The Apostles’ Creed affirms the belief that Christ “ascended to heaven and is seated at the right hand of God the Father almighty.”
Though the ascension is affirmed in this ancient confession of core Christian doctrine, it doesn’t seem to find the same importance in modern discussion of Christ’s work. The focus on what Jesus has done in the past and will do in the future leaves little room for what he’s doing in the present.
This wasn’t always the case. The New Testament writers frequently made reference to the ascension and its present implications for the church (e.g., Eph. 1:20–23; 2:8; Heb. 1:3; 8:2; Phil. 2:9). The church fathers, Kelly Kapic writes, saw the “ascension as the climax of redemption.” Later, the Heidelberg Catechism described the ascension in terms of Christ remaining in heaven “on our behalf,” as a benefit to us.
How, then, can we recover a deeper sense of all that’s offered to us in the ascension? By taking a deeper look at how Christ continues to act on behalf of his church as our ascended king, priest, and prophet.
Perhaps the most familiar language when speaking of the ascension is that of kingship. The language of being raised up and seated at God’s right hand speaks of the enthronement of Jesus over all things (Eph. 1:19–23). He is the triumphant king, the Son of David whose throne is established forever (2 Sam. 7:13) and whose enemies have been made his footstool (Ps. 110:1).
The ascended Christ actively rules his church.
Christ’s heavenly reign as ascended king must not be viewed statically, as if he passively sits. The ascended Christ actively rules his church. Christ rules his church by protecting it and destroying its enemies (Matt. 16:18; 2 Thess. 3:3). Indeed, the book of Hebrews offers encouragement to a suffering church because Christ rules from God’s right hand (Heb. 1:3; 8:2; 10:12; 12:3). Christ provides for his church through the gifts he’s given for her nourishment (Eph. 4:7–12; 5:29). Indeed, he is the king of a thriving kingdom (Mic. 4:4–5). Herman Bavinck wonderfully summarizes Christ’s ascended kingly rule: “He demonstrates his kingship in gathering, protecting, and ruling his church, leading it to eternal blessedness.”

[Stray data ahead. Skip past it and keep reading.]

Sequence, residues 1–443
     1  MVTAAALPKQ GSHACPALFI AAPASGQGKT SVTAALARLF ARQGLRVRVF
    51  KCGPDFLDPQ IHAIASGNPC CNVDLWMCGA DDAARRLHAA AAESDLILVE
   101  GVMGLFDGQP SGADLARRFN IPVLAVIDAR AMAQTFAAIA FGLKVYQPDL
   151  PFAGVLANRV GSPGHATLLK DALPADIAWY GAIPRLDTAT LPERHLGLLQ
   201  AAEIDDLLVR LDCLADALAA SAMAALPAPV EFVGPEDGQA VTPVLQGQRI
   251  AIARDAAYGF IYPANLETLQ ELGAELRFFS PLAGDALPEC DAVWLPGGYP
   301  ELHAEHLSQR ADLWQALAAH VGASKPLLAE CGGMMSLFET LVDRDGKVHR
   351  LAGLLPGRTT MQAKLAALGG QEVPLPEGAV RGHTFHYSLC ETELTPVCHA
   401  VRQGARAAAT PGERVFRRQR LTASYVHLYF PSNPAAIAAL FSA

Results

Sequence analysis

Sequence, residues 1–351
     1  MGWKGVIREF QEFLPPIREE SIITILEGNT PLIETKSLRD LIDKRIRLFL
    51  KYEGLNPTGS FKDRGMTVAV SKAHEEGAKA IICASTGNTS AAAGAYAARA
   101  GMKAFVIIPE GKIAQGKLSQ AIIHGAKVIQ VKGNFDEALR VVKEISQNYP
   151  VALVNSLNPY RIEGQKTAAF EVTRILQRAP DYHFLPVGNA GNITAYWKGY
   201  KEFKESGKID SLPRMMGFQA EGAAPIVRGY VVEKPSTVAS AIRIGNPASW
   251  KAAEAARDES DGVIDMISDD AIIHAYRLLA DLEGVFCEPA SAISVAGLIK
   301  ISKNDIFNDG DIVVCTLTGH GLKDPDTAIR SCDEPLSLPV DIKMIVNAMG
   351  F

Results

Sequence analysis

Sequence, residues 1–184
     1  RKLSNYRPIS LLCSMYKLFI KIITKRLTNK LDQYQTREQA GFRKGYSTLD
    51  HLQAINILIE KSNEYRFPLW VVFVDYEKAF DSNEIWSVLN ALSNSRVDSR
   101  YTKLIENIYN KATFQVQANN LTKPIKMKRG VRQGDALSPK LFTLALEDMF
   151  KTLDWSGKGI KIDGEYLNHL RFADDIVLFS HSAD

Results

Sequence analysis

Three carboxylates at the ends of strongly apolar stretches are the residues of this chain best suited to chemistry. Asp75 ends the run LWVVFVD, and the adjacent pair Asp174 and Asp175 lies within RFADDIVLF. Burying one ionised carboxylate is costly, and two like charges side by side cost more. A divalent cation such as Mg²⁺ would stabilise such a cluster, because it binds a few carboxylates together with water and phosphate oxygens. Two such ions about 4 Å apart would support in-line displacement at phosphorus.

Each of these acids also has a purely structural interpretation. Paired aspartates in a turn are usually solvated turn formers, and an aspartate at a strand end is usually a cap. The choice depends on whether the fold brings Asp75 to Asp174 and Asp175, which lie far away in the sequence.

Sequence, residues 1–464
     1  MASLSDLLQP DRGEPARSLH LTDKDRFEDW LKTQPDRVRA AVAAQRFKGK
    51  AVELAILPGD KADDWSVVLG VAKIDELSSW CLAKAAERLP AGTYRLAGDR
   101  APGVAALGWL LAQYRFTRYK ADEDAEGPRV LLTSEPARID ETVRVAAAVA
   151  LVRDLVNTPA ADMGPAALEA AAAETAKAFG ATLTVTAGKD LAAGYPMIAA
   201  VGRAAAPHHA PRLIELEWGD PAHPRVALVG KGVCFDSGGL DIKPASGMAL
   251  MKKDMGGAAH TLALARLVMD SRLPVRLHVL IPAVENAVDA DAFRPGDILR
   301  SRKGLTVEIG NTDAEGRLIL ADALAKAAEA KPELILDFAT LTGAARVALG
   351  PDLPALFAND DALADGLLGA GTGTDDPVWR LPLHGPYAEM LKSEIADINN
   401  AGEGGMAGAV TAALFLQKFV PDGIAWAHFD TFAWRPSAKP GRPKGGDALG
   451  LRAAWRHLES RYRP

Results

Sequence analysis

It’s easy for us to consider Christ’s work on the cross and his subsequent resurrection as the key components of his priestly work to reconcile sinners to God. But this picture is incomplete, since the ascension stands as God’s acceptance of this offering. Christ’s continual intercession (Heb. 7:25) and advocacy (1 John 2:1)—and the work of his Spirit to sanctify believers—marks the continued application of his priestly offering. As John Murray describes it, the Christian can know that Christ’s help flows from “omnipotent compassion.” Jesus knows the intimate terrors, tensions, and toils of life—and moves to heal them.
A prophet is one who proclaims and confirms God’s words to God’s people. John begins his Gospel by speaking of Jesus as the Word (John 1:1–3). Moreover, Jesus points to himself as both the proclaimer and embodiment of truth (John 8:31–32; 14:6; 17:17–20). In the programmatic statement for his earthly ministry, Jesus casts himself as the prophetic proclaimer of the Year of Jubilee (Luke 4:16–30). The gospel portrait is clear: Jesus is both message and messenger.
This does not stop at his ascension, though; his priestly work amplifies after his ascension. At Pentecost, Jesus pours out his Spirit, whom he earlier said would lead them in truth (John 14:26; 16:13). The ascended prophet sends his Spirit on his people so that the Spirit will lead his people back to the Son. What’s more, his prophetic ministry continues in sending the Spirit to inspire the writing of Scripture (2 Cor. 13:3) and in working through this living Word to illuminate souls and draw people to himself (2 Cor. 4:6).
Christ’s ascension shows him to be the head of the church. This reveals something beautiful: as his body, the church responds and participates in his ascended ministry. Surely this affects every aspect of the church’s life, worship, and mission.
The offices of Christ work in concert to glorify God and bring his people into the presence of the blessed Trinity.
The ascended king sends forth his church to prophetically share the word of his sacrificial atonement. The ascended priest intercedes on behalf of the church to see God’s kingdom expand in the hearts of believers through God’s Word. The ascended prophet proclaims the king’s reign, secured by his priestly work, through his church. The offices of Christ work in concert to glorify God and bring his people into the presence of the blessed Trinity.
Nevertheless, the ascended Christ does not execute these offices before earthly eyes. No wonder we can sometimes feel his absence. But we hold fast to the future hope of when his rule, his priestly blessing, and his prophetic word will be immediate, when a voice from the throne will declare, “The dwelling place of God is with man” (Rev. 21:3).